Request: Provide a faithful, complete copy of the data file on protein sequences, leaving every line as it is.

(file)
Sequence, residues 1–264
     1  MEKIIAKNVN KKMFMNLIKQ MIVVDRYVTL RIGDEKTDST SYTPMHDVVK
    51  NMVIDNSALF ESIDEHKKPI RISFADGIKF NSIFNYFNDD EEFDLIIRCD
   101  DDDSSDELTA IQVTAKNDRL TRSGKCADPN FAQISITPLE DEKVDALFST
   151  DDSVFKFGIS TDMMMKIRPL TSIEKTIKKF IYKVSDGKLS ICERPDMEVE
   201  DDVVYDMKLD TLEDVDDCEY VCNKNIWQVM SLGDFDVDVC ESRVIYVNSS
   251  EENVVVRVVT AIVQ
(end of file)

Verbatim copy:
Sequence, residues 1–264
     1  MEKIIAKNVN KKMFMNLIKQ MIVVDRYVTL RIGDEKTDST SYTPMHDVVK
    51  NMVIDNSALF ESIDEHKKPI RISFADGIKF NSIFNYFNDD EEFDLIIRCD
   101  DDDSSDELTA IQVTAKNDRL TRSGKCADPN FAQISITPLE DEKVDALFST
   151  DDSVFKFGIS TDMMMKIRPL TSIEKTIKKF IYKVSDGKLS ICERPDMEVE
   201  DDVVYDMKLD TLEDVDDCEY VCNKNIWQVM SLGDFDVDVC ESRVIYVNSS
   251  EENVVVRVVT AIVQ